This week, we wrote about Secretary of Labor during the Clinton administration Robert Reich, who will appear at the Glaser Center on Feb. 25.
Reading Reich's writings (say that three times quickly) is addictive. He's drops facts like Jay-Z drops luxury product names, recounts complex ideas in strikingly simple language and almost every other paragraph has that trade-mark journalist "Holy Crap" moment.
"Here’s the truth: After the housing bubble burst, American consumers had to pull in their belts so tightly that consumption plummeted — which in turn fueled unemployment. Consumer spending accounts for 70 percent of economic activity in the U.S. No business can keep people employed without enough customers, and none will hire people back until consumers return."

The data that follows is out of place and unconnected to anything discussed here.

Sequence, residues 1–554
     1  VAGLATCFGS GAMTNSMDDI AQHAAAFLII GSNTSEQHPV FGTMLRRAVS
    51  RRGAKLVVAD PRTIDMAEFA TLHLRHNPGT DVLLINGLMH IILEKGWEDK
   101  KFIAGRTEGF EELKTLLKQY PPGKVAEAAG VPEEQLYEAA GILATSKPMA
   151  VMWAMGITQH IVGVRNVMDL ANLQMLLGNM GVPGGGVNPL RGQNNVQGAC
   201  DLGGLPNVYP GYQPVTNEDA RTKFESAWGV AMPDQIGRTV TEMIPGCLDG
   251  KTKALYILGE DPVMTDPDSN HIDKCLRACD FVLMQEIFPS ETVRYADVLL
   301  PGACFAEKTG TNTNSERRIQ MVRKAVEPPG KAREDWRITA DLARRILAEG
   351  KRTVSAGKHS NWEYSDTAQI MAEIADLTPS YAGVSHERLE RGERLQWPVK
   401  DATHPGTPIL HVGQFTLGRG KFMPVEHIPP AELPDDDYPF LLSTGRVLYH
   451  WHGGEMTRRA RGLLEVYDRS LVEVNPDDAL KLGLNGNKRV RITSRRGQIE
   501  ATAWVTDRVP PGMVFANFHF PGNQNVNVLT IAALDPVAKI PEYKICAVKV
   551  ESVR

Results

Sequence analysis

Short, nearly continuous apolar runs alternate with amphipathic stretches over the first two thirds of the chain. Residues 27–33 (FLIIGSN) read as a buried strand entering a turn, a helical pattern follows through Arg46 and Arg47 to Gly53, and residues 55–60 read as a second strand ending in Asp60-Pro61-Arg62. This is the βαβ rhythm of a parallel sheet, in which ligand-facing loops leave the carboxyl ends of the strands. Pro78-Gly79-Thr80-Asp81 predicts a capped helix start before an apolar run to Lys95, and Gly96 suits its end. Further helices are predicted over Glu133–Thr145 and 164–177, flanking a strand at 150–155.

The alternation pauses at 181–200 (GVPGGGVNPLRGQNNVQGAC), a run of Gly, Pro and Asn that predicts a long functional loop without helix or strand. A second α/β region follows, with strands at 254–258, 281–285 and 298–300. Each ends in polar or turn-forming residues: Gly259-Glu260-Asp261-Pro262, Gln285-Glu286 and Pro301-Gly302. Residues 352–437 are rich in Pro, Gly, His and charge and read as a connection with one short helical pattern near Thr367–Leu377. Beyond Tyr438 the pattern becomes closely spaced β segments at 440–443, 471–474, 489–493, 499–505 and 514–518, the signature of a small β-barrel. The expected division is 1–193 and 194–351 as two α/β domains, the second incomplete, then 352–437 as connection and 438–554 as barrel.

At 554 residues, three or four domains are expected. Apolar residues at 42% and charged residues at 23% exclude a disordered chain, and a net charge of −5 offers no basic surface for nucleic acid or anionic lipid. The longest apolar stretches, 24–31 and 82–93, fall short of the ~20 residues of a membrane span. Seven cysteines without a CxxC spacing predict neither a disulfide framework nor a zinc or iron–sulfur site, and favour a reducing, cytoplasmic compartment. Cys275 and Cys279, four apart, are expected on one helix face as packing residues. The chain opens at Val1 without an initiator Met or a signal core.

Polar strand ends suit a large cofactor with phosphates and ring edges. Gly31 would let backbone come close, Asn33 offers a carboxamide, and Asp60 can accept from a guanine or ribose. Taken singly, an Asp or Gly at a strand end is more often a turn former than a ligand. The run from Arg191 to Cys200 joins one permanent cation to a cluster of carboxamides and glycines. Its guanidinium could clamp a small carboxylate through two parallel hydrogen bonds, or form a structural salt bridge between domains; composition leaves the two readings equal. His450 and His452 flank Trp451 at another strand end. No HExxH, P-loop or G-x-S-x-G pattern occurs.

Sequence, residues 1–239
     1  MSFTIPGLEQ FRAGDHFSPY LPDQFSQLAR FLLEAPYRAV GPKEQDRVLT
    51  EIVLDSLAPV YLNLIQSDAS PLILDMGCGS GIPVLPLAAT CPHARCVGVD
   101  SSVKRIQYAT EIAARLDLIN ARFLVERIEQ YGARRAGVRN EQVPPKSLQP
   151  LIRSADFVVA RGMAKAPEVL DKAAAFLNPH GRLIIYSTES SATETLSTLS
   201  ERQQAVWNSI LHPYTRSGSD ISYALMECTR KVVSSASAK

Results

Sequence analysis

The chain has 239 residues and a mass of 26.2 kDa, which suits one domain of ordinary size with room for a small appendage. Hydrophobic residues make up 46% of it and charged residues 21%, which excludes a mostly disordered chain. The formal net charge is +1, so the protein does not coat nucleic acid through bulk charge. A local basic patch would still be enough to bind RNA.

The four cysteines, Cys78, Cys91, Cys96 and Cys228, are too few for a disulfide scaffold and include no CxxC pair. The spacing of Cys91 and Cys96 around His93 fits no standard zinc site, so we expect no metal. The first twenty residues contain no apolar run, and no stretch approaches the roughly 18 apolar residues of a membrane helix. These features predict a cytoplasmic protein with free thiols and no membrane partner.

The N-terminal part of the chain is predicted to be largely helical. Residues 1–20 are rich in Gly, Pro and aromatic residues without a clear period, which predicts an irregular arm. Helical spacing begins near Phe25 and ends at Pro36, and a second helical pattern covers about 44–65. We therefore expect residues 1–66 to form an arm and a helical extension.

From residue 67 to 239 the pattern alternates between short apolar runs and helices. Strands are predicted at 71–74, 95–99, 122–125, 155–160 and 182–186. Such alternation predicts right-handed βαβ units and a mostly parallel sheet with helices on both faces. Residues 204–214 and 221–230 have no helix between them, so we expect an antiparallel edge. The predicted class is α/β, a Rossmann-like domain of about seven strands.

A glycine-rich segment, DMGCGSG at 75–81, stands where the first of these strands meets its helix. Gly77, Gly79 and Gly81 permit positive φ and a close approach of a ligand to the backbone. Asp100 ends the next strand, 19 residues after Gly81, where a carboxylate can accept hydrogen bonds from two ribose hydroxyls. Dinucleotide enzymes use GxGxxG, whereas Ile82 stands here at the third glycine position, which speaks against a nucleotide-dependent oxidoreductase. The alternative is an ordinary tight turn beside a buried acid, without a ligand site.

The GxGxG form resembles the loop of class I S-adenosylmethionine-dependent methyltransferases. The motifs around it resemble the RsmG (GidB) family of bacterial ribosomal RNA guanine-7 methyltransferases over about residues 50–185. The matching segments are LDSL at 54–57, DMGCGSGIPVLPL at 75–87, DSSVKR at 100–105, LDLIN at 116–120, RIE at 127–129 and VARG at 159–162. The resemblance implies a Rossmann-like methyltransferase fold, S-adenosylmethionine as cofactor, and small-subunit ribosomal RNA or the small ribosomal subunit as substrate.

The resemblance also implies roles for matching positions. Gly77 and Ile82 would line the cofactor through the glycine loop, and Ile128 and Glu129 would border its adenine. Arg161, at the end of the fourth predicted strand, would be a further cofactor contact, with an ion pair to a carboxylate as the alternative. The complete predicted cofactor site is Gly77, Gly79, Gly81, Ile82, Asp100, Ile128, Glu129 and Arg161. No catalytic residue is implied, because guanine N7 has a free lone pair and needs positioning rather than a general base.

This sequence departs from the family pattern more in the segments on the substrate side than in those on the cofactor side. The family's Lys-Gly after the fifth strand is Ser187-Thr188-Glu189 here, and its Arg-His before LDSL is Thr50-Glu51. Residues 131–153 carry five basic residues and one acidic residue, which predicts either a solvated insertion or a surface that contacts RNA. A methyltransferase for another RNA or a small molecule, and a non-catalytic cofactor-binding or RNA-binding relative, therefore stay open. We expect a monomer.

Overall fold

This is an idea that he expounds on in his latest book, "Beyond Outrage," which you can read bits of here. This book views The Recession and its aftermath not simply as a by-product of government spending, but of what he calls "anemic recovery" because private spending power is so unequally distributed between increasingly polarized wealth stratas.
"Because so much income and wealth have gone to the top, America's vast middle class no longer has the purchasing power to keep the economy going—not, at least, without going deeper and deeper into debt," he writes.